FBI Field Office

FBI Field Office

FBI Field Office, Norfolk, VA, Photo Courtesy of U.S. GSA
FBI Field Office, Norfolk, VA, Photo Courtesy of U.S. GSA

Project Gallery

FBI Field Office, Norfolk, VA, Photo Courtesy of U.S. GSA
FBI Field Office, Norfolk, VA, Photo Courtesy of U.S. GSA
Location
Norfolk, VA
Completed
October, 2013
Owner
U.S. General Services Administration
CM
Hill International
Value
$80 million
Challenges

The Federal Bureau of Investigation Field Office in Norfolk, Virginia, provides highly secure, Class-A office space that serves as the bureau’s new regional center of operations. The FBI’s Norfolk Division serves all of southeastern Virginia, including the Southside and Peninsula regions, as well as Virginia’s Eastern Shore, encompassing such towns as Norfolk, Chesapeake, Virginia Beach and Newport News, among others.  The 132,000-square-foot building is complemented by a secure parking garage for FBI vehicles, a vehicle maintenance facility, a visitor screening facility and ancillary site improvements, all within a secure compound that blends intentionally and seamlessly with surrounding buildings in a Norfolk office park. Special design considerations for this unique facility include redundant mechanical and electrical systems, blast protection, specialized IT support, sophisticated access control systems, and provisions for prisoner handling and detention.  In addition, the building was designed to achieve a LEED Gold certification for environmental sustainability.

Effective management of the project and its aggressive, 24-month, design-build schedule helped to ensure that the FBI Field Office was completed not just on time, but just under 23 months—six weeks ahead of schedule.

Budget:  The project budget was established by an approved prospectus as an annual lease cap.  The Hill team consulted with local, market-familiar real estate and banking officials on cap rates and prevailing rental rates to determine both what it would cost the developer to construct the building, and what the government could expect to pay for annual rent.

Procurement:  Intense competition and high proposal costs on the project could have led to time- and cost-consuming bid protests.  To mitigate this, the procurement involved two rounds of carefully conducted, controlled and documented mid-bid interviews with each bidder.

Sophisticated Systems:  The building contains sensitive compartmented information facilities (SCIFs), and other unique security features and systems.  For example, each door included an electrified access control device. Doorframes were specially pre-fabricated to accommodate more than a dozen unique conduit conditions, and provisions were made for low-voltage, standard-voltage, and critical power feeds.  Also, three separate power systems were required for the building—a standard system, a “shield” system, and an “essential” system.  As a result, each outlet required color-coding and special testing.  In addition, the project called for two separate HVAC systems—one for base functions and another “24/7” system for critical areas.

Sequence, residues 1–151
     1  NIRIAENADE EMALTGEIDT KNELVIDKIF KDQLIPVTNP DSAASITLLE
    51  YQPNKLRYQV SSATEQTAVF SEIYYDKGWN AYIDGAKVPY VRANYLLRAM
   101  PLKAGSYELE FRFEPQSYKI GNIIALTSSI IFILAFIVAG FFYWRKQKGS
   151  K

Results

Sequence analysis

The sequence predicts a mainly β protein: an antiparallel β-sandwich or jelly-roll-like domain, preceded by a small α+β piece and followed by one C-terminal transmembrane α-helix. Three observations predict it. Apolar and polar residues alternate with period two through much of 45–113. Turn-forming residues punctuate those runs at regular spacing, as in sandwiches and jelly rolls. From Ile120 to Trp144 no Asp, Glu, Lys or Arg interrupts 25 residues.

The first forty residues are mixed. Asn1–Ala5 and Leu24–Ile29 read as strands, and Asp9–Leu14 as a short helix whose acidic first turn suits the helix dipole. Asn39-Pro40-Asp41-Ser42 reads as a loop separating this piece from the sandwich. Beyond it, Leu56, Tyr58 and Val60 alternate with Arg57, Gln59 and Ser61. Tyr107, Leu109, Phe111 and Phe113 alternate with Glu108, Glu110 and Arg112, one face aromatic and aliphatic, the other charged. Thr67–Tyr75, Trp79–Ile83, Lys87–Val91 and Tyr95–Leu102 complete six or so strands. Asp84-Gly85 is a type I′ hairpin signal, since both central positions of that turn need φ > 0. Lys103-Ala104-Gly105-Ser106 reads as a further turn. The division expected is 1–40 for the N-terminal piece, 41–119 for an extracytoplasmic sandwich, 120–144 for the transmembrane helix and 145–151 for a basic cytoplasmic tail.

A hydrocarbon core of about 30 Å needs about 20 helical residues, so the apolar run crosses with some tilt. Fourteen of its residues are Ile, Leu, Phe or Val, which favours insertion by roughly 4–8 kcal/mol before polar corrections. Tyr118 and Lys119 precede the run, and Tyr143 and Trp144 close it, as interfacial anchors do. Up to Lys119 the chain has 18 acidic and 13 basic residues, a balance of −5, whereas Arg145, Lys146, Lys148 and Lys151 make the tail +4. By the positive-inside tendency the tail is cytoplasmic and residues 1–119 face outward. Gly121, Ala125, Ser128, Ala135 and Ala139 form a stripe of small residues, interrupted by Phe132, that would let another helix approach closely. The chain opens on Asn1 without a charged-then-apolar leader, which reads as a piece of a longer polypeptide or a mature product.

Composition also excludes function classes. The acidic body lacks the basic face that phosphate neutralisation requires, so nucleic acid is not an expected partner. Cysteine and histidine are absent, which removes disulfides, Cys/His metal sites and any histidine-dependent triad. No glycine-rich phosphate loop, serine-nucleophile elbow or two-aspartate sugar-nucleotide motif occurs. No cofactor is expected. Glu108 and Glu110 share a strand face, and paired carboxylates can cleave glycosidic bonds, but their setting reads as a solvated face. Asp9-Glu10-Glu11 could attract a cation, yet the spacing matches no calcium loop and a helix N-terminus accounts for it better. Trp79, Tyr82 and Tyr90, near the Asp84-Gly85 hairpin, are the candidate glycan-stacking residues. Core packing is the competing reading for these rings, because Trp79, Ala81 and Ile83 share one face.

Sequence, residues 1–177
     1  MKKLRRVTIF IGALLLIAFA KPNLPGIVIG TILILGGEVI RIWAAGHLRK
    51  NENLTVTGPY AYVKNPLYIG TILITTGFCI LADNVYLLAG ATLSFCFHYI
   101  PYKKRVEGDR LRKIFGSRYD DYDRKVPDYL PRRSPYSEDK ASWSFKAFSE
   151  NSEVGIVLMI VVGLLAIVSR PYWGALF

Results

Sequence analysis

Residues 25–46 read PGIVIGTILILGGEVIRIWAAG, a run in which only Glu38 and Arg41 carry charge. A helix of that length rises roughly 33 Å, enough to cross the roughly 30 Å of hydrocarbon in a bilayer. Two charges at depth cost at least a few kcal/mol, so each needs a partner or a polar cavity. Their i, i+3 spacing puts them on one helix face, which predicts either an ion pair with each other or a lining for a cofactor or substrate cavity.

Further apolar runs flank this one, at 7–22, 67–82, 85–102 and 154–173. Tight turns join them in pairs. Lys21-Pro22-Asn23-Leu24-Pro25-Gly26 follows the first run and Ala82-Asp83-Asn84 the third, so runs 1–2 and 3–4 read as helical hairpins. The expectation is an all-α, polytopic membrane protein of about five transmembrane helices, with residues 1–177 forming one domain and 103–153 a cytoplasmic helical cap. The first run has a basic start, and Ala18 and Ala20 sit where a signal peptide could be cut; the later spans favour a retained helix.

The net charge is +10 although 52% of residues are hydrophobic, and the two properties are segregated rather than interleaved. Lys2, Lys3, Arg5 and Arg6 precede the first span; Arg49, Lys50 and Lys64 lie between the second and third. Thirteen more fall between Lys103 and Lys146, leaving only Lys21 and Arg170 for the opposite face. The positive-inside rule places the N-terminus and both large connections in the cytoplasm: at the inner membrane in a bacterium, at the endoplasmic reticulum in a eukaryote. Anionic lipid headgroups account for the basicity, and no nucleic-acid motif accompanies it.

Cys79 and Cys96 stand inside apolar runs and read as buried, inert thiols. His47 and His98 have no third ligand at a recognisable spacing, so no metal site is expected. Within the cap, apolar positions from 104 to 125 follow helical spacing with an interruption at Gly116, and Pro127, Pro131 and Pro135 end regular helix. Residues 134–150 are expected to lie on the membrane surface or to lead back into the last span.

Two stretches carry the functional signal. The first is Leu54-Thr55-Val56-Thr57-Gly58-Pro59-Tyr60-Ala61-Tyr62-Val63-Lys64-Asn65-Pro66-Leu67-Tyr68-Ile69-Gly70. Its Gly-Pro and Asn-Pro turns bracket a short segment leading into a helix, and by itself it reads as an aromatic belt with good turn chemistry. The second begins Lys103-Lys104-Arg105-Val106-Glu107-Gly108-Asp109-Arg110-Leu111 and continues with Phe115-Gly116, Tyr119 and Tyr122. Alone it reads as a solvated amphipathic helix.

Innovations

Web-Ex Design Reviews, which included the designer in Chicago, GSA in Philadelphia, the FBI in Washington, D.C. and the project team in Norfolk brought the team together effectively and inexpensively. Process Mapping, which painstakingly detailed the processes for design reviews, RFIs, change orders, schedule reviews and submittals, was developed and incorporated into the project management plan.

Proliance Beta Testing (ePM) was launched as a test case by the GSA at the Norfolk field office.  Hill worked with GSA software designers to develop workflows that were incorporated into the software design.  In addition, the Hill team helped implement a design review “other business application” to upload, coordinate and manage design review comments.

Effective use of BIM technology was central to the Hill team’s management.  BIM and its 3-D capabilities were used to clearly communicate design.  BIM also enabled effective clash detection, a vital tool in managing the myriad system and cabling demands of the project.

A Compliance Matrix, containing virtually every single project requirement from the program of requirements, solicitation for offers and design manual, was compiled and used to verify compliance during design and construction.  The comprehensive matrix was later transformed into a portable database for use on other projects.  

I want to recognize you…for your performance with regard to the change order management role you have adopted.  I think your work has been excellent!  You have acted on a relatively high number of government changes in a timely and effective fashion, keeping the process moving from the government perspective, and ensuring a fair cost to the government.  Your ability to keep track of these changes and determine contractual entitlement is no small achievement on your part.  We have come to rely on your services as the sole keeper of the change process.  Great job…I thank you from the entire team.

Charles Hearn, PE

U.S. General Services Administration

 

CM CareerHQ

   About
 
 

Industry Partnerships